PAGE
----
A judge’s role may be different depending on whether you are involved in a civil case (e.g., divorce, personal injury, debt collection, etc.) or a criminal case. In a criminal case the judge must ensure your constitutional rights are preserved. You are entitled to a jury trial and the judge ensures the jury is correctly informed and instructed and certain legal parameters are met. You have the right to a lawyer in a criminal trial and a public defender may be appointed to defend you at your request. If you choose to proceed without the service of an attorney, the judge will carefully consider your decision and ensure you have also done the same.
In a divorce case, it is a bit different. You are not entitled to the constitutional protections afforded a defendant in a criminal case. You have the right to a fair trial (not speedy) in which the judge, depending on whether you request a jury trial, may be rendering a final decision. You may or may not engage the services of an attorney for your divorce. You are not entitled to counsel in a divorce. If you decide to represent yourself, the judge will not carefully explore the issue with you – in fact, if the judge thinks you are making a huge mistake, you will seldom be told. The role of a divorce judge is to ensure your case moves through the court at an acceptable pace. Most good divorce judges will also strongly encourage you to settle (or resolve) your own case through mediation or negotiation. Most, but not all, civil cases are resolved by the parties and (if they have them) their attorneys. You are responsible to protect your own rights; which means you are required to have knowledge of the divorce laws and rules which govern your personal circumstances. For example, if you are divorcing your wife of 4 years and together you agree that you will pay alimony for the next 12 years, the judge will rarely question your negotiated agreement. If you had researched the divorce laws and attendant rules, you would have known that most marriages lasting less than 10 years do not have alimony ordered AND when alimony is ordered is it most likely to be ordered to last only as long as the marriage lasted. But the judge is not responsible to tell you this and will most likely sign your divorce decree ordering the payment of alimony for 12 years as per your agreement. It is imperative you learn what the divorce laws say and work to protect your own interests while meeting your legal responsibilities. A divorce lawyer may be able to help you accomplish this (the good news). Or you may be able to accomplish this goal on your own; saving you money. However, in some cases, you will fare better if you have an attorney. How do you know if you can handle your divorce on your own – knowing you will not receive appreciable feedback from the judge on how you are doing?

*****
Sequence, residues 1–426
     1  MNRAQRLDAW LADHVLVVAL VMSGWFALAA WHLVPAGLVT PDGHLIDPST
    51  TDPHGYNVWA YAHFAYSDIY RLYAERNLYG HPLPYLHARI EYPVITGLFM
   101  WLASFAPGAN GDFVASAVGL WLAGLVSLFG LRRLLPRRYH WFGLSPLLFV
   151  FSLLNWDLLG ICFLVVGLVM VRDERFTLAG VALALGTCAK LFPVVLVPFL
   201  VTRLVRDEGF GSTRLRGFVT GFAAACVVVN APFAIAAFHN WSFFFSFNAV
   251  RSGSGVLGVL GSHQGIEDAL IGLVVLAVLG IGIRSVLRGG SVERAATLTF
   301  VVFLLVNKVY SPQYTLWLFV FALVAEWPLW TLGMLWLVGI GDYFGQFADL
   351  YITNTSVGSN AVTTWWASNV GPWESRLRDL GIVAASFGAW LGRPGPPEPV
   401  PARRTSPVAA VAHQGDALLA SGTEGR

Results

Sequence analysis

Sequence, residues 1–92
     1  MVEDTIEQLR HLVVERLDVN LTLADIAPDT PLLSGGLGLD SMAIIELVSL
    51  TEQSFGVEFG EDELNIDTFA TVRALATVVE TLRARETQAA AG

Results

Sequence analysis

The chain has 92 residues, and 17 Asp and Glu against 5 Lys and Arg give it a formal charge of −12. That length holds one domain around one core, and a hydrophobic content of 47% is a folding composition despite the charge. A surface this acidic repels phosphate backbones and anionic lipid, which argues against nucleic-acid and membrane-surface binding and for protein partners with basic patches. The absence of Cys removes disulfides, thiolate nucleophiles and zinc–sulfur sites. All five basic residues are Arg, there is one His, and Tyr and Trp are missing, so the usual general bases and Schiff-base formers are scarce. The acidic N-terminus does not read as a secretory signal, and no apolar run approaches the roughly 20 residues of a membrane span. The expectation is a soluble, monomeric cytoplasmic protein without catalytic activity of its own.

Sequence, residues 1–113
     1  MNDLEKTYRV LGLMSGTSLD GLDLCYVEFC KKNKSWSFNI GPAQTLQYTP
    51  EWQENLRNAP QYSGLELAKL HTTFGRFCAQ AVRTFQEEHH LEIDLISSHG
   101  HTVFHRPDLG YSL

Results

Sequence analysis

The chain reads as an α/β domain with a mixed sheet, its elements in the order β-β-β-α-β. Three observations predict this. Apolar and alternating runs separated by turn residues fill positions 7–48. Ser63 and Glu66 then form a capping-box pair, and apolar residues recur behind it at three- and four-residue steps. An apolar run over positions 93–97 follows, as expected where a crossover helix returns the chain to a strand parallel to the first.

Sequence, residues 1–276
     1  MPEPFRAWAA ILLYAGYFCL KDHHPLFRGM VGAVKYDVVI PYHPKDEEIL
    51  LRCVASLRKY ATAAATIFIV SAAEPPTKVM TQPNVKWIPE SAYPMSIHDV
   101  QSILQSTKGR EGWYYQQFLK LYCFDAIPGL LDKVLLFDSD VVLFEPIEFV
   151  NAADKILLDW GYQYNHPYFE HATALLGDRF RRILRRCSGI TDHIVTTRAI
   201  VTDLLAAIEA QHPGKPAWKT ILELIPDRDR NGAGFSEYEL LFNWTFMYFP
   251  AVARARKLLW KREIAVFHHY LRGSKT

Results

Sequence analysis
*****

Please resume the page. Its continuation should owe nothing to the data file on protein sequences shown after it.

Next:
The answer is not simple. Primary factors to consider are:
- Has the Other Party Hired a Divorce Attorney? If the other party has an attorney you should think carefully about whether you need to hire one. The presence of a lawyer may give the other party a bit strategic advantage if you are pro se (i.e, representing yourself).